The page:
Welcome to Our World
The fingerprints of the visionary musician/producer/songwriter Todd Rundgren (b. 1948) are all over the Bearsville Center. The Philadelphia native had left his band Nazz when, in 1969, Albert Grossman’s staffer Michael Friedman offered the 21-year-old a job as staff engineer and producer at the forthcoming Bearsville Studios and the soon-to-be launched Bearsville Records label. Grossman promised Rundgren he’d become the highest paid producer in the world – a promise that came true when “the boy wonder” produced Grand Funk Railroad’s We’re an American Band in 1973.
One early project was engineering the Band’s Stage Fright (recorded live at the Woodstock Playhouse), a Number Five album in 1970. Nonetheless, Rundgren did not take the same approach as Grossman toward commercial success. Rundgren’s attitude for his Bearsville Records releases was to “make the record [I] wanted to make and then hope the label can find a way to promote it.” His third album, the double-disc hit, Something/Anything?, was partially recorded at Bearsville with former members of Janis Joplin’s band, among other local musicians.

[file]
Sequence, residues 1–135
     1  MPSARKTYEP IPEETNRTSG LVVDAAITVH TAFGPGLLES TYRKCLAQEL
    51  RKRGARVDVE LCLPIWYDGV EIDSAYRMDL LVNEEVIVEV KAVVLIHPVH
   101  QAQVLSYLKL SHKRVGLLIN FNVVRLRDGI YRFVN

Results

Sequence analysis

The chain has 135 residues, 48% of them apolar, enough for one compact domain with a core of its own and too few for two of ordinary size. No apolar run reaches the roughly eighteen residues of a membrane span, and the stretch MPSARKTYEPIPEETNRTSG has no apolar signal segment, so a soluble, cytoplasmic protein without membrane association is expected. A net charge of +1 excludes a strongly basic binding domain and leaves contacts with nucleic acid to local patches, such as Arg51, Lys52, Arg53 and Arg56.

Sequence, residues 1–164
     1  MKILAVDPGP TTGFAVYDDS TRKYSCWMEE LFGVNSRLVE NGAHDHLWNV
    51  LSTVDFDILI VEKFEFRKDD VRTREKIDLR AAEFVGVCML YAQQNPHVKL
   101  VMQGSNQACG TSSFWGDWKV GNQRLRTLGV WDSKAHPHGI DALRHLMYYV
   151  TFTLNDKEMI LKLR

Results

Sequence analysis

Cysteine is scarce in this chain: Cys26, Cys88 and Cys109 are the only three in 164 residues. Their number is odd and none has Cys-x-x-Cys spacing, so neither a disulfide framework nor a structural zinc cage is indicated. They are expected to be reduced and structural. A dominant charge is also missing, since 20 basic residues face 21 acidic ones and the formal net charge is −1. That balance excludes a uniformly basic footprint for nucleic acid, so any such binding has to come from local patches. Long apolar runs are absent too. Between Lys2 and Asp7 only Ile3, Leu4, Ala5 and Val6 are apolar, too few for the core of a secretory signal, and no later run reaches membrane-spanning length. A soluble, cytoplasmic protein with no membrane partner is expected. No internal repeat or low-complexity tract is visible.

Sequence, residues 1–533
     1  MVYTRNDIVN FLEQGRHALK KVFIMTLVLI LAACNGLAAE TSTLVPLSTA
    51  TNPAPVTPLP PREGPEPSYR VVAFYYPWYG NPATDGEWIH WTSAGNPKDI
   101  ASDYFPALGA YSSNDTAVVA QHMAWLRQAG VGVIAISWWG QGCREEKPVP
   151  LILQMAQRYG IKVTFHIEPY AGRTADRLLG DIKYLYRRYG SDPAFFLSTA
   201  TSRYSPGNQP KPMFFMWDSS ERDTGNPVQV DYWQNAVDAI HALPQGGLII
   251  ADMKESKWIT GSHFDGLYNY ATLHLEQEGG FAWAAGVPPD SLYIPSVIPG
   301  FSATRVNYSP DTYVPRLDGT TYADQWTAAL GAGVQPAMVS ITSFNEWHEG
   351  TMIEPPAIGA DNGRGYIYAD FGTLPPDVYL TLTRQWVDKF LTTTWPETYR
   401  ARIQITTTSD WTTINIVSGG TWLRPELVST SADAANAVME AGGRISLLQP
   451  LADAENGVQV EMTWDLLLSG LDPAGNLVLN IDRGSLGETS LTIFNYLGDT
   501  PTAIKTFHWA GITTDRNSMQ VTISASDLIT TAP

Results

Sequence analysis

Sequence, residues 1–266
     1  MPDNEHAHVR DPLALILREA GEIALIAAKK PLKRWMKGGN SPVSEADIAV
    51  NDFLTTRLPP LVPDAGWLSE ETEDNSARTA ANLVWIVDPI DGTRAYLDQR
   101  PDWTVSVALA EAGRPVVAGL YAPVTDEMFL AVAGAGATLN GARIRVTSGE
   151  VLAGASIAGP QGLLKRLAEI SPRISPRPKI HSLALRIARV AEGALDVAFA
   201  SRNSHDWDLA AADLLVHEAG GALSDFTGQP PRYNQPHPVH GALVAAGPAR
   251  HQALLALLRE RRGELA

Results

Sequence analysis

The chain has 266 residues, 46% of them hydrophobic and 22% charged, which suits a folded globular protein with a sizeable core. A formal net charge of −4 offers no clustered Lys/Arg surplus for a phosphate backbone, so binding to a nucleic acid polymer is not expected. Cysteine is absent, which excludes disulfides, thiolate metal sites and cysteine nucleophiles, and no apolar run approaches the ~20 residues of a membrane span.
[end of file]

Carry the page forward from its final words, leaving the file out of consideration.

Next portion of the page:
Rundgren’s influence on Bearsville – the studio, the record label, the development of the buildings – is incalculable. In his time there, he released 16 albums either solo or with his prog-synth band Utopia. And he engineered and/or produced over 70 albums for artists as eclectic as Meat Loaf (Bat Out of Hell), the New York Dolls, Patti Smith, Sparks, and XTC.
Following a break in 1976, Rundgren opened the Utopia Sound Studios in a converted barn at his home on Mink Hollow Road (name-checked on his 1978 LP, Hermit of Mink Hollow) in Lake Hill, near Bearsville. For the next six years, this remained his base, where he gardened and reportedly “tried to make the property Zenlike.” In 1979, he opened the seminal Utopia Video Studios in a Bearsville Center building, with high-tech video equipment and designed by John Storyk (designer of Electric Lady, Jimi Hendrix’s studio in New York, and later the Bearsville Theater). Some of the first MTV videos were shot at Utopia Video, including a Rundgren single. Over the years, the video studio hosted recording and/or rehearsals by Phil Lesh, Gov’t Mule, Natalie Merchant, Blues Traveler, Chrissie Hynde, and Splendor, among others.
Rundgren continued to produce recordings at his Utopia Sound Studio into the 1980s. His last album on the Bearsville label, in 1982, included the hit “Bang the Drum All Day.” After he sold his Mink Hollow home, eventually relocating to Hawaii, Rundgren occasionally returns to the Woodstock area, including performing at Woodstock ’94 and at periodic area concerts into the 2010s. His 2017 album, White Knight, features Woodstock resident Donald Fagen.